I usually don’t like oatmeal, but I tried your baked oatmeal and liked it, so maybe I’ll try it again.

  49. IC says:

    You know what’s really good, make the oatmeal as outlined by Katie. Put it in a baking dish, mix in some raspberries or strawberries, sweeten to your taste, sprinkle some coconut flakes and then broil so the coconut gets toasted. So yummy!!!!

  50. Lia says:

    Hahahaha, I like your Italian Gma! I didn’t really know my grandmothers due to age of death, but I had a good family friend who I announced was my adopted grandmother, and she was a back country woman. She made the best venison dishes, ribs, smoked anything, and pancakes with real fresh bacon. I loved it as a kid, but now I just enjoy the memories associated, asI ‘m vegan now too. She was convinced I’d grow out of this phase.

  51. Kelly says:

    Hey is it weird if I suggest you should make passion fruit oatmeal?

  52. danette says:

    I make oatmeal in my rice cooker. I put the oats in with water/milk at night, set the timer for when I wake up and I have nice hot oatmeal.

  53. Love hearing about your grandparents and some of the comments are so funny. My Nana prefers a whiskey, according to my dad she was too busy enjoying free love in the sixties & seventies and never cooked more than a fish finger. We love her but boy do we all pray she doesn’t cook when she visits. Her mum, my Great Nana was the best baker I’ve ever had the pleasure to know.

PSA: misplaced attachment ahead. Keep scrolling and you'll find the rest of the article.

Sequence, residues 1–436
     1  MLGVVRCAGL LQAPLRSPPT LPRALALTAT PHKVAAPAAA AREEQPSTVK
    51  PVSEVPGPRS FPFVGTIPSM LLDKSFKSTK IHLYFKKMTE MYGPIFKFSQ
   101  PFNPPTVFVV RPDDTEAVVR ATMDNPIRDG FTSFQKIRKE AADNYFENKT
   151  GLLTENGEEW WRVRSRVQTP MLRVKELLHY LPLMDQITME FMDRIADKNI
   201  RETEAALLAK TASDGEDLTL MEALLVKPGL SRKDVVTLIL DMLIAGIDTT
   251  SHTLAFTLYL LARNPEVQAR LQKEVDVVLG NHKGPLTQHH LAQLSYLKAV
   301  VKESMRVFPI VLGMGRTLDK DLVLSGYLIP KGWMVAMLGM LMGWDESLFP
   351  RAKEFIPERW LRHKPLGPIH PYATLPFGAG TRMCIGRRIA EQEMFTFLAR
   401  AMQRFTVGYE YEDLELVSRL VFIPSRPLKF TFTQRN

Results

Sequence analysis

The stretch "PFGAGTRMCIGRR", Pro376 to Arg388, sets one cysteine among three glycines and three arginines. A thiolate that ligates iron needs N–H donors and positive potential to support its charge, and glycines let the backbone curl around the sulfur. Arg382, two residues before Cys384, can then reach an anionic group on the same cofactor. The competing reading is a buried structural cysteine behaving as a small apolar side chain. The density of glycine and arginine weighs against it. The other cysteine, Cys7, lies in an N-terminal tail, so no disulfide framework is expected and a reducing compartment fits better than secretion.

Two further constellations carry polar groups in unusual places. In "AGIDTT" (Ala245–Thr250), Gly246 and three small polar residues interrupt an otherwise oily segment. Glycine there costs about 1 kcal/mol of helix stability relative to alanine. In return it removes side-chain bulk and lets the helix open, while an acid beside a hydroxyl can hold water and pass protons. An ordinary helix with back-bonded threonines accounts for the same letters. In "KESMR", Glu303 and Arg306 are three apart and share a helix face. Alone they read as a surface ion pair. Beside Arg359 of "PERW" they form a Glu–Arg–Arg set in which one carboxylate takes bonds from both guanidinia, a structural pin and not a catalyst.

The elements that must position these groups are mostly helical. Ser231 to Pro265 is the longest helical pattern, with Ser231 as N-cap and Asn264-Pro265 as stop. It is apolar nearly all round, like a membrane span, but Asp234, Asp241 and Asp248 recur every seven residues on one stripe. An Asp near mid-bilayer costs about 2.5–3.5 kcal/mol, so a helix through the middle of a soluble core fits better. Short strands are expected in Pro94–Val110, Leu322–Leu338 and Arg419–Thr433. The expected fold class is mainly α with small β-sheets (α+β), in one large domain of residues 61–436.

54. laura says:

    WOW. ive tried so many way to cook steel cut oats. I did mine with 4 cups water one cup oats. Perfect in 3 hours. So creamy i cant believe it. so much better than recipe on the can. thank you

  55. Andrea says:

    Katie- Your recipes are really innovative and unique, I’ve gotten countless of recipes that I use weekly from your blog- including OATMEAL! Your blog has inspired me to start my own blog. It started as a classroom blog but I wanted to include recipes and workouts. I’ve included a link to yours on my blogroll. If you checked it out that would be awesome! Thanks for all the recipes!

    http://aburgwin.wordpress.com/

    1. Thanks Andrea. I am off to check it out :).

  56. I love Almond Joy style oats with unsweetened shredded coconut + dark chocolate chips + almonds :) I’ve heard that oats in the slowcooker can get very messy and stick to the sides… Did you use a liner?

    1. I didn’t… it didn’t stick, but maybe it depends on the particular machine you have. (Mine is very old!)